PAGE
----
Industrial Water Consumption
At a time of unprecedented urgency with the global and local water crises, Edmonton will mark World Water Day with a week of events on the most pressing issues surrounding this fundamental necessity of all life.
All events are free and open to the public, and will address a range of issues, including water markets and the risk they pose by commodifying Alberta’s water rather than protecting it in the public interest; Bill S-11 and the threat to First Nations’ sovereignty and Indigenous rights to water; and the conflict embodied in the tar sands between our lust for energy and the need for clean water and healthy ecosystems on which our survival depends. The week includes film screenings, talks, public displays, celebrations and music. Some highlights are:
Tuesday, March 22 (World Water Day), 7:00 pm - The Public Trust Doctrine and the Future of Water in Alberta... Read more »
CALGARY — A new government-commissioned report examining conflicting water quality data from the oilsands says the current monitoring system is inadequate and that environmental impacts from industrial development in the region are largely unknown.
Alberta Environment Minister Rob Renner appointed the six-member water monitoring data review committee last fall to try to resolve the conflicting water quality information found between government scientists and University of Alberta ecologist David Schindler and his colleagues.
Schindler's reports argue the oilsands industry is contaminating the environment, while the province and the industry funded Regional Aquatics Monitoring Program (RAMP) have insisted their science does not support his conclusions.... Read more »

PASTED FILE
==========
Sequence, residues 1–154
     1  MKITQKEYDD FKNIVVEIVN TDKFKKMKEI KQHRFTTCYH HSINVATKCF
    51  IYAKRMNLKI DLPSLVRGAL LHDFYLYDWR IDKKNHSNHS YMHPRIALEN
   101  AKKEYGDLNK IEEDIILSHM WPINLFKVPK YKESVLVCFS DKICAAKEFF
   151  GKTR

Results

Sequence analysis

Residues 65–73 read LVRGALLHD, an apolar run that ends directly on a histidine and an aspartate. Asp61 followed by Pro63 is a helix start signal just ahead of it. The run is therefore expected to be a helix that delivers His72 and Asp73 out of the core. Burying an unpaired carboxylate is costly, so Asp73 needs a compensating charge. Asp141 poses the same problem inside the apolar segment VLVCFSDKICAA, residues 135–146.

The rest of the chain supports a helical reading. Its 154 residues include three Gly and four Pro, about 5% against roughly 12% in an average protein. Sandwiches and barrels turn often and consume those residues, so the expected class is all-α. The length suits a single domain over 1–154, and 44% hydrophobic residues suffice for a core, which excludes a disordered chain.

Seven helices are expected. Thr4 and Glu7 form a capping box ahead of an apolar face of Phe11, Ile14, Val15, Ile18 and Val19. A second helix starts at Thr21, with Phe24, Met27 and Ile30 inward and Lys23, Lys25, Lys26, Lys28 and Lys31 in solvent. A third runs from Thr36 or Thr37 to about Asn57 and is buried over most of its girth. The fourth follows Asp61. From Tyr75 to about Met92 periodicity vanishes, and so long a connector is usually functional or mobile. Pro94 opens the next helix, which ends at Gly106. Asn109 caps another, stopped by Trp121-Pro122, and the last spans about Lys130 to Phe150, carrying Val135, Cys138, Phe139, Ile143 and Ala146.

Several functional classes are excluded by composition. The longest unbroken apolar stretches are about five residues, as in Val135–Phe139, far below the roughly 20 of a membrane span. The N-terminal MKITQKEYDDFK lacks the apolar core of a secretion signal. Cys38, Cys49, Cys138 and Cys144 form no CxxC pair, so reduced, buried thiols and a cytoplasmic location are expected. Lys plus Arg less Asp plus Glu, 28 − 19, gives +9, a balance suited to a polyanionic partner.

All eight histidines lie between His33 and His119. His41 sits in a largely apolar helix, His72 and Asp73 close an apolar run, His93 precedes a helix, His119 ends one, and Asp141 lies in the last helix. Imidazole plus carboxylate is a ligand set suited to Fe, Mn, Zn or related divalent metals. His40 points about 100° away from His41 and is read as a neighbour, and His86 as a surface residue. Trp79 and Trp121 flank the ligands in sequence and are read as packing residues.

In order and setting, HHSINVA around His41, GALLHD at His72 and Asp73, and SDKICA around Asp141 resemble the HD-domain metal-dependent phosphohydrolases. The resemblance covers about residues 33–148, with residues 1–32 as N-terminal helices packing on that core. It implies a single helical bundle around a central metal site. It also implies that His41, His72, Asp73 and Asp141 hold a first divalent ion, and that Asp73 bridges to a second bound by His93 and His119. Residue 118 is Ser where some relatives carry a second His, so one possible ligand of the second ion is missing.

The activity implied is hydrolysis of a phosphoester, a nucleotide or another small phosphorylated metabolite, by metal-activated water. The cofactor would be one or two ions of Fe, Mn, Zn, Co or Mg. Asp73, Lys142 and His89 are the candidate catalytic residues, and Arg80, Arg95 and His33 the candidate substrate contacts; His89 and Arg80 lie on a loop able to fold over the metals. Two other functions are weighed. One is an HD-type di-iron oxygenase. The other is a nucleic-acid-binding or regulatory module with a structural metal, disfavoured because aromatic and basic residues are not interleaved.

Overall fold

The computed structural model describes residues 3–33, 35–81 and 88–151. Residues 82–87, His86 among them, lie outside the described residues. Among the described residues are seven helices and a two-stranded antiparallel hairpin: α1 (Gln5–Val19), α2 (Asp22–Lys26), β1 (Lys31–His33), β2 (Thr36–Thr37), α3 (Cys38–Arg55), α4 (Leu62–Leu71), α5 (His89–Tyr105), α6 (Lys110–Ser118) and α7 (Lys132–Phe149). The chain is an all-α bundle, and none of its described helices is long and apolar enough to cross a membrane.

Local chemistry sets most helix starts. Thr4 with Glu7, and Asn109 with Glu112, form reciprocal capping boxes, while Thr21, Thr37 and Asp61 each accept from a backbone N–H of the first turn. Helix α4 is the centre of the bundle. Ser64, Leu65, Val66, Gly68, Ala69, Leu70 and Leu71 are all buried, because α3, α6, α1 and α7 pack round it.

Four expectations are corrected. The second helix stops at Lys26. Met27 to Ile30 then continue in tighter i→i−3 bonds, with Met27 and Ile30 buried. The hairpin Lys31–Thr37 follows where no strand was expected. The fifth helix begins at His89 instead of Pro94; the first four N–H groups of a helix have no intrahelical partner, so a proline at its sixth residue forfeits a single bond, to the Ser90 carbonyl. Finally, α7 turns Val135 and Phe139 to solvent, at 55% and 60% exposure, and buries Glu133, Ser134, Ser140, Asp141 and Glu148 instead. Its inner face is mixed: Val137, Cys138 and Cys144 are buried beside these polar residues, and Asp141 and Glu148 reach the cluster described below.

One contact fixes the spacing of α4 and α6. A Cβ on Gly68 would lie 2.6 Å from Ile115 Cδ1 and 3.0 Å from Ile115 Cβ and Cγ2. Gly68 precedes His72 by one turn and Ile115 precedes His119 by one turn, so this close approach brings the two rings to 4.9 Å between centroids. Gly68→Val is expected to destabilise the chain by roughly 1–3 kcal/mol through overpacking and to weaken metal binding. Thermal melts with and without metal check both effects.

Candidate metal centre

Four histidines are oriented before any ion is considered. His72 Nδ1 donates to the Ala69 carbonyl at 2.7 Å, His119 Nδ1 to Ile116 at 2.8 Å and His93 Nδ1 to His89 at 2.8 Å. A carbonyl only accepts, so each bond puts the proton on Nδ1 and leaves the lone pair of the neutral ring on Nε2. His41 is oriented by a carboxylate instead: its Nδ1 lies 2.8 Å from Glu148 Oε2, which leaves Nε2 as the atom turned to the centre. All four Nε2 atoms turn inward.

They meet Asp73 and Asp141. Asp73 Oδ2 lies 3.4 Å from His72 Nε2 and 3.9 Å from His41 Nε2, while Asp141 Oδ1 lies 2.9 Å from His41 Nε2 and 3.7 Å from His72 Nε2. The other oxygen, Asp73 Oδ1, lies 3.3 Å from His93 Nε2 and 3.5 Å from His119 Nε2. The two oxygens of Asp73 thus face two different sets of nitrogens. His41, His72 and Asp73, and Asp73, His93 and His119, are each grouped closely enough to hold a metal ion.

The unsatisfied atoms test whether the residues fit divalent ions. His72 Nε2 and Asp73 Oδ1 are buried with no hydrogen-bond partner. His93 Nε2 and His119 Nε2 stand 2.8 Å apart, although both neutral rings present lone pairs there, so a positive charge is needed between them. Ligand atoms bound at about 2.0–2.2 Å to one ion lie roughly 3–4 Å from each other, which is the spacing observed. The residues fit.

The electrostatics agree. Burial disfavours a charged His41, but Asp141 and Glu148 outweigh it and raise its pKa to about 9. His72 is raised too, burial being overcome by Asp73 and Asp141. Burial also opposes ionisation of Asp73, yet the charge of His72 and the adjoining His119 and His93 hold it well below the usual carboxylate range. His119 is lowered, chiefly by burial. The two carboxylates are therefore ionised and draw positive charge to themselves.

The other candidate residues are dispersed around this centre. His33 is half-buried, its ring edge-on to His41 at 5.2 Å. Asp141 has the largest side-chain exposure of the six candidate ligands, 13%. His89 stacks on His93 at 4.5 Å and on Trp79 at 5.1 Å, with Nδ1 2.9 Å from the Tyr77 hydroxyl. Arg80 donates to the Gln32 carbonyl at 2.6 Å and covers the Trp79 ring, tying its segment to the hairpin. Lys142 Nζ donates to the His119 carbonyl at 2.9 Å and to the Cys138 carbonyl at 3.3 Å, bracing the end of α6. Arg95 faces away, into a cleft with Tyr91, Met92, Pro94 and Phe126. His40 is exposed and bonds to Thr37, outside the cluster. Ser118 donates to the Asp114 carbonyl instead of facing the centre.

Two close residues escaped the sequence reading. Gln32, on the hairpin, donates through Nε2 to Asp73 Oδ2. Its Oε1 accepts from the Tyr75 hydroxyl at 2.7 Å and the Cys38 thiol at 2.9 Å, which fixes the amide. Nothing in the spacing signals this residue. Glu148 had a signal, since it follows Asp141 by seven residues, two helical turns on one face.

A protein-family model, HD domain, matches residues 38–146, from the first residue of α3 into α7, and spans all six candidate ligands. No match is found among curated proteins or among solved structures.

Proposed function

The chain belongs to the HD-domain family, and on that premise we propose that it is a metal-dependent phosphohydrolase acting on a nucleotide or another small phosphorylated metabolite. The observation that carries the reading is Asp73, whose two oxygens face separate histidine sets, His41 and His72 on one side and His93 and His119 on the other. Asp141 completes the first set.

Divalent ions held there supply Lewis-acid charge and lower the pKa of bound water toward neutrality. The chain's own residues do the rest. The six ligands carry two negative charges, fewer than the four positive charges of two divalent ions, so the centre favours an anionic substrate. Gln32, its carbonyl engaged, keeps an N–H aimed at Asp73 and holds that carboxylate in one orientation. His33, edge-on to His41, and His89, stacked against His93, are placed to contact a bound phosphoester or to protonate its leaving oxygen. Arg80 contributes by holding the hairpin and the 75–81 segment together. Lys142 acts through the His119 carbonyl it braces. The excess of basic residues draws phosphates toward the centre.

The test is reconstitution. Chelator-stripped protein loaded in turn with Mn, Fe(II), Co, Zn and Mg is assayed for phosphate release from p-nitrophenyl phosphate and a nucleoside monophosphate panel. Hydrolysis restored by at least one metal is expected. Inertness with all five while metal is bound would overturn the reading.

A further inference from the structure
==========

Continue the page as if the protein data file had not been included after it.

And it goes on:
There is no justification to accept either the expense or the risks of nuclear technology. All it takes is the courage to stand up to the nuclear lobby. Sierra Club Canada along with thousands of Ontarians is not convinced there is any justification for accepting the risks to health, the environment or the economy presented by the proposal to build additional nuclear reactors.
This attachment attempts to outline the concerns of Sierra Club Canada. By addressing the decision making process, need for the this project, the environmental and health risks and the economics of nuclear power we show this project is wrong for Ontario - wrong for Canada - just plain wrong.
Alberta Environment has charged an international oil and gas company operating near Fort McMurray for improper water withdrawals dating back three years.
Jessica Potter, spokeswoman for the department, said Statoil Canada Ltd. faces 19 charges for incidents between 2008 and 2009, in which water was allegedly improperly diverted from various water bodies for use in plant operations at its in situ facility near Conklin, 350 kilometres northeast of Edmonton.
Potter said the government discovered the problem in 2008 and laid charges this week.
"It takes a fair amount of time to do a thorough and proper investigation," Potter said. "You want to make sure you present the best case as possible."... Read more »